Forget malls, Tahoe students go to forest
South Tahoe High School students are doing their part to save the lake.
Tenth-grade teacher Jamie Greenough’s environmental science class is nearing the end of an erosion control project the students started in April.
About 26 students dig, plant and move dirt six hours a week to restore the barren area behind the school’s tennis courts to its natural state.
Representatives from most of the environmental agencies in the basin have provided guidance, knowledge and the tools and materials for the project.
Lahontan Regional Water Quality Control Board wanted the school to revegetate the area to lessen the impacts of a science and technology building erected 10 years ago.
Greenough said revegetating the site was a great way for her students to learn more about the importance of protecting the environment and allowed them to network with scientists and agency officials.
Before work was done on the project, students visited Aspen Hollow Nursery to learn about native vegetation.
“I teach five sections of environmental science and you can’t learn this from a book. You have to be out in the environment. We don’t have malls, we have forests, and the students need to be able to appreciate them,” Greenough said. “This was a perfect project – no buses, no extra money needed to do it. Every agency in the basin came out to work with us. It gives the students a chance to talk to these people they normally don’t get to talk to.”
The project involved more than just the environmental science class.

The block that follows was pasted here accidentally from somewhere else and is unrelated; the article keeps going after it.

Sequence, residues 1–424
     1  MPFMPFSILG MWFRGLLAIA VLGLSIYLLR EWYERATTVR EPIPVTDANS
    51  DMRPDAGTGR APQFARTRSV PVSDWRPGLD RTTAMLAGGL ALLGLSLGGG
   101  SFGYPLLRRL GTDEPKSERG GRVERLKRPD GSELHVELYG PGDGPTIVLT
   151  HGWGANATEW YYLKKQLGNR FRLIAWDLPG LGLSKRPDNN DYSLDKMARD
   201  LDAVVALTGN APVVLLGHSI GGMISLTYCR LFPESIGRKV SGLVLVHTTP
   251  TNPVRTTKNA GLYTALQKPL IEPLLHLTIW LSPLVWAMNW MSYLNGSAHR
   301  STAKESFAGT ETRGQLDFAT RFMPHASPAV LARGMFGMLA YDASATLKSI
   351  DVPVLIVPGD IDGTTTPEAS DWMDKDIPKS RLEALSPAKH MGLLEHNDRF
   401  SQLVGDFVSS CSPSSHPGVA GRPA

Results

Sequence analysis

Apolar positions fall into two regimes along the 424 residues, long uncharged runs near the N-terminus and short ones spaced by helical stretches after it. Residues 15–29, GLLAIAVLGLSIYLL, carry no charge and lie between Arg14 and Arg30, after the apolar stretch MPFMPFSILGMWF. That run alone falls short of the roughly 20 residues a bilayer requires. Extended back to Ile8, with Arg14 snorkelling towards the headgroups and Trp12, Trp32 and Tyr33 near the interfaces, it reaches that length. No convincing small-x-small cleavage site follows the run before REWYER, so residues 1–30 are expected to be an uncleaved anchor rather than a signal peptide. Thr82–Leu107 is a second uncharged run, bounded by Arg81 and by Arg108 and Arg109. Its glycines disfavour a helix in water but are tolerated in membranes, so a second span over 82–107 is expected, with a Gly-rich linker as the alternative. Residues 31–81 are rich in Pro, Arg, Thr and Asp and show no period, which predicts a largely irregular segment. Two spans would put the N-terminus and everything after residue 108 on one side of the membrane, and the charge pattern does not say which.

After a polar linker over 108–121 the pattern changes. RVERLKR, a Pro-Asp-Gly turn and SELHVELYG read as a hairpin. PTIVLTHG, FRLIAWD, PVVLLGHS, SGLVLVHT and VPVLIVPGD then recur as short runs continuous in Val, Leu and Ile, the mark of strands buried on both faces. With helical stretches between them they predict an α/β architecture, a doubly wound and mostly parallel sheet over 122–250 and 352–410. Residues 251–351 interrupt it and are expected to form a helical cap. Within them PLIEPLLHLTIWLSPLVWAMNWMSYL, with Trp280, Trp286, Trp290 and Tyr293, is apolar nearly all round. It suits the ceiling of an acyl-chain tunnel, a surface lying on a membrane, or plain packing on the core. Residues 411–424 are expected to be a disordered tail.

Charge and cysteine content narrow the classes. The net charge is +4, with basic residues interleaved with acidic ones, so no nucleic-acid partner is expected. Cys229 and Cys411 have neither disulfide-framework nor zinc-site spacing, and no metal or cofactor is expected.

Architecture students designed the vegetation plans and the woodshop class constructed stairs leading down to the site.
Several Tahoe Basin AmeriCorps volunteers led groups of students and helped with the labor.
In a continued effort to educate basin residents about Best Management Practices, environmental agency officials taught students how to retrofit property to decrease the amount of runoff into the lake.
“More people will come and see this and want to do it at their homes,” said 10th-grader Jenna Poell. “If we could educate everyone about what’s going on it could help the lake.”
Classmate April Krouskouph said working with her classmates to improve the environment was important.
“I like being out here with our class working as a team,” she said. “I think this should be done more often to make our school look better. It’s hard work but somebody’s got to do it.”
Once the project is complete it will be used for a monitoring and demonstration site for BMPs and adaptive native vegetation.
Support Local Journalism
Support Local Journalism
Readers around the Lake Tahoe Basin and beyond make the Tahoe Tribune's work possible. Your financial contribution supports our efforts to deliver quality, locally relevant journalism.
Now more than ever, your support is critical to help us keep our community informed about the evolving coronavirus pandemic and the impact it is having locally. Every contribution, however large or small, will make a difference.
Your donation will help us continue to cover COVID-19 and our other vital local news.
Start a dialogue, stay on topic and be civil.
If you don't follow the rules, your comment may be deleted.
User Legend: Moderator Trusted User